SOLINSKY: No, because I know that what I was trying to do this year to get back to the Trials would have landed me right where I was last year, and I’d be out for a whole ’nother year. It was a tough decision, but it’s a smart decision for the future of my career. I could have definitely bit my bullet – it’s the Olympics, how many times do you get a chance to compete for a spot in the Olympics – but if I would have done that and my career would have ended, I would have been very unhappy and upset with myself. Making the decision of risk missing one for the potential of two more rather than try to make one and not have any more chances after this is kind of where my head might be.

What’s the current state of track and field in the United States?

As far as the athletes, we’ve never been better, never been stronger, never been deeper. The true fans of the sport, there are fans all over this country. It’s up to the people that are in the higher up positions that run the sport of track and field in the U.S. to find a way to make it work and get people to come. What they’ve been doing isn’t working.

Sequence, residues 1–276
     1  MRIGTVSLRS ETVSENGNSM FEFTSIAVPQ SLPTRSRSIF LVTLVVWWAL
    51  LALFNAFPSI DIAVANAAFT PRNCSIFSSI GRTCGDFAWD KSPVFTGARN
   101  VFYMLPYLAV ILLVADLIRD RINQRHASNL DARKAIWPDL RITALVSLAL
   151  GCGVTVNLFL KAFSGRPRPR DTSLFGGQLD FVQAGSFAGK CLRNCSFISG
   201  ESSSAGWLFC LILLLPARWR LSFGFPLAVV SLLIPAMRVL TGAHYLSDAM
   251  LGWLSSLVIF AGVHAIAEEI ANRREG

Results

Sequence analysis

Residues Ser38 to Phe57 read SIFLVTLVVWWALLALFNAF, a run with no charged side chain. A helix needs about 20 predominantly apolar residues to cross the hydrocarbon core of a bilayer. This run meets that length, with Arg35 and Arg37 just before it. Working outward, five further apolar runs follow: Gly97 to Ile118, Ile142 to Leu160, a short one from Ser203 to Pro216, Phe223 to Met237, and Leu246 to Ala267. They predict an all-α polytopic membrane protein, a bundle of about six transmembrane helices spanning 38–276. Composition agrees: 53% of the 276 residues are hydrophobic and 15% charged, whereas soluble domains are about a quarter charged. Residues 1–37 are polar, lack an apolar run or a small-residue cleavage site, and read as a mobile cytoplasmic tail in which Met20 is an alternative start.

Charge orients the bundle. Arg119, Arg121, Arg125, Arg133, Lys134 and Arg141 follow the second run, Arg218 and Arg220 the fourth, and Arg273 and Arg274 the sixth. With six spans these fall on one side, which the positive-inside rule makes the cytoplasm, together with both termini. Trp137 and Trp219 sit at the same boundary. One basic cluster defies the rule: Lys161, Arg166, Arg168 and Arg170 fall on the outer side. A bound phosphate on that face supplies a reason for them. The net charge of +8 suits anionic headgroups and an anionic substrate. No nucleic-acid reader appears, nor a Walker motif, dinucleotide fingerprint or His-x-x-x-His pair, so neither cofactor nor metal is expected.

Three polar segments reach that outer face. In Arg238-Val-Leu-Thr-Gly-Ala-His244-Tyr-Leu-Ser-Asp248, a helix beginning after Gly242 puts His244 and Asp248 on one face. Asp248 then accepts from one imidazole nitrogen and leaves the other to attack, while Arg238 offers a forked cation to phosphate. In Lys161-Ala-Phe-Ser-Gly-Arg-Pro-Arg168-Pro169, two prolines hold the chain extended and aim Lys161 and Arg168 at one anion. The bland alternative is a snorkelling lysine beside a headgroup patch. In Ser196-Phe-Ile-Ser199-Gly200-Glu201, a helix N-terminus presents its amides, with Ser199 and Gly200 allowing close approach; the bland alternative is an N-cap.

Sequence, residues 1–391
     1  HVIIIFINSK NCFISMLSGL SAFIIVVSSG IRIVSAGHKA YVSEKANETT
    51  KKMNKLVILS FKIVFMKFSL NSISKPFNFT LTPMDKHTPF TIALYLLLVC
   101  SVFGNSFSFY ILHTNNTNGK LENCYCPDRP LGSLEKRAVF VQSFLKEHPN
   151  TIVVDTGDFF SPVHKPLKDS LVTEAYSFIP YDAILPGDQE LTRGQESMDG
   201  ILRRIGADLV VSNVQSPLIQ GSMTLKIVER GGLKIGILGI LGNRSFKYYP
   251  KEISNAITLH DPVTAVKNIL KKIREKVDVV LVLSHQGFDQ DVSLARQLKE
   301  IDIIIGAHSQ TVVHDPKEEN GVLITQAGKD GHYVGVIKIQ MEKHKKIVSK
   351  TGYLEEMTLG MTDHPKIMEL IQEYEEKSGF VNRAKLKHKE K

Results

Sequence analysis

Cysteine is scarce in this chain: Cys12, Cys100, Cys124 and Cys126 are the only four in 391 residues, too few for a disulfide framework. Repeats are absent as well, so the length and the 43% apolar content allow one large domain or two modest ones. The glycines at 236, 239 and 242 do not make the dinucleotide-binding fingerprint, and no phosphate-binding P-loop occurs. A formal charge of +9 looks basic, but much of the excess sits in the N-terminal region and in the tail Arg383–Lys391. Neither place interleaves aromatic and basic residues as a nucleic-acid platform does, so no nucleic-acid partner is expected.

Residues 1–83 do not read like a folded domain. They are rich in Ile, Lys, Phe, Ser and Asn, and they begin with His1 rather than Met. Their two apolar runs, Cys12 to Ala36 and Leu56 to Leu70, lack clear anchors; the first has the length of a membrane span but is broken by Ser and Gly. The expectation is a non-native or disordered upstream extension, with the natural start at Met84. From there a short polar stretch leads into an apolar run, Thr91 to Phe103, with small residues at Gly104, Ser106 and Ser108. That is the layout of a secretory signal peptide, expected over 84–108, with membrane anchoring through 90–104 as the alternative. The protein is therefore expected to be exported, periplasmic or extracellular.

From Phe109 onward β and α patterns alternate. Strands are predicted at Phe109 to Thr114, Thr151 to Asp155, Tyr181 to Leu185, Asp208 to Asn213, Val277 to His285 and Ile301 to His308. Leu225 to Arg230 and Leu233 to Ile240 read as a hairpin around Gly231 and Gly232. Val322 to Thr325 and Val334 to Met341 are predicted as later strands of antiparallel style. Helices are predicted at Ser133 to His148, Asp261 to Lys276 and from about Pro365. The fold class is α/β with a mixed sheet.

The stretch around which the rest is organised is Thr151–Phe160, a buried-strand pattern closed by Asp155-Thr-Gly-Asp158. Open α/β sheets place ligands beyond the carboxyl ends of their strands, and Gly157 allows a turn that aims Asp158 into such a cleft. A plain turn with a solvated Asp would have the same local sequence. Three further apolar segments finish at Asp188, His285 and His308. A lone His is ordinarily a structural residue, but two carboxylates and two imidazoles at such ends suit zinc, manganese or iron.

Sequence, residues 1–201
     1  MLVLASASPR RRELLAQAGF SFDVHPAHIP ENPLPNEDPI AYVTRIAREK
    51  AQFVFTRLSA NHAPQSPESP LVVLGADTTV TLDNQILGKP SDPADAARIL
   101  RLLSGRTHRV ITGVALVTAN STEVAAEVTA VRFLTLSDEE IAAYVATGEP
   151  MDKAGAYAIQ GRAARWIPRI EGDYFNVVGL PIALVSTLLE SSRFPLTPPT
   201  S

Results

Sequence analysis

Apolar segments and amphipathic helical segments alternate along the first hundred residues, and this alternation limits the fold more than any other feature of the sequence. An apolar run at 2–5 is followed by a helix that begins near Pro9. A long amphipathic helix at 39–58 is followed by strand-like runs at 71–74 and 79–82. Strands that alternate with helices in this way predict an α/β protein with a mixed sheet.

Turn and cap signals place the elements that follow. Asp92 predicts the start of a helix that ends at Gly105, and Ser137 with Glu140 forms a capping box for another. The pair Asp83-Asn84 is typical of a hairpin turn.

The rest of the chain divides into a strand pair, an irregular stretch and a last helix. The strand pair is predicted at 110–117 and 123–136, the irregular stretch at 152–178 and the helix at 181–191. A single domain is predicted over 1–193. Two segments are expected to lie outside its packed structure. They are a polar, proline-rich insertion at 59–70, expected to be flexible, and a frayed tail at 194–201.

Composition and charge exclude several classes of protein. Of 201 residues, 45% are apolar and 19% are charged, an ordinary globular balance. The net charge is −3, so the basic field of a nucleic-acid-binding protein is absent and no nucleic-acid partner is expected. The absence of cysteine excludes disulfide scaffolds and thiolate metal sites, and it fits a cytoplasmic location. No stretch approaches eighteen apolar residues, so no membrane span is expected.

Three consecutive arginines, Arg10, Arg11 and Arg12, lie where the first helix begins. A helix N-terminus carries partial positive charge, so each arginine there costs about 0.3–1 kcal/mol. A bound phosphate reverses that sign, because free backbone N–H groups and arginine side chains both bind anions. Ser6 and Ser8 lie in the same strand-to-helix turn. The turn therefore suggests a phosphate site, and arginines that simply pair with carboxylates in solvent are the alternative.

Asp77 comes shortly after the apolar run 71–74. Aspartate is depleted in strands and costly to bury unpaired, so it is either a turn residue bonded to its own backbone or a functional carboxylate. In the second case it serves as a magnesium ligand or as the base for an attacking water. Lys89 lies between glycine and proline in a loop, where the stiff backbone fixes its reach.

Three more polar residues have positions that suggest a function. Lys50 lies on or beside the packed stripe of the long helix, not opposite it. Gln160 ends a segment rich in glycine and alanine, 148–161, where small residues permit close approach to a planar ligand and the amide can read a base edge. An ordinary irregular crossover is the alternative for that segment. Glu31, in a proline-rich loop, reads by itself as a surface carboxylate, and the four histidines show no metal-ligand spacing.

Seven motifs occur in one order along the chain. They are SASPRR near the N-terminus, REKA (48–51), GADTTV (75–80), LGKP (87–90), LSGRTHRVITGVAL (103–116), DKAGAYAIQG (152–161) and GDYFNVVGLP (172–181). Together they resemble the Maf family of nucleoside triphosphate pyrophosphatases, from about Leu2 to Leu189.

SOLINSKY: I tend to believe it’s getting better and better. I have met more and more people who have not been into the sport that have gotten into the sport. There are definitely things we can improve on. I really am hopeful the new (USATF) CEO can uphold the promises that he’s made because he’s done really well in NASCAR and with Gospel records and such. I think a guy like that bringing a different background and different diversity will really help the sport. I’m hopeful that it can improve even more, but I think we’re far away from dying, that’s for sure. I think we’re in a good state, but there’s always room for improvement.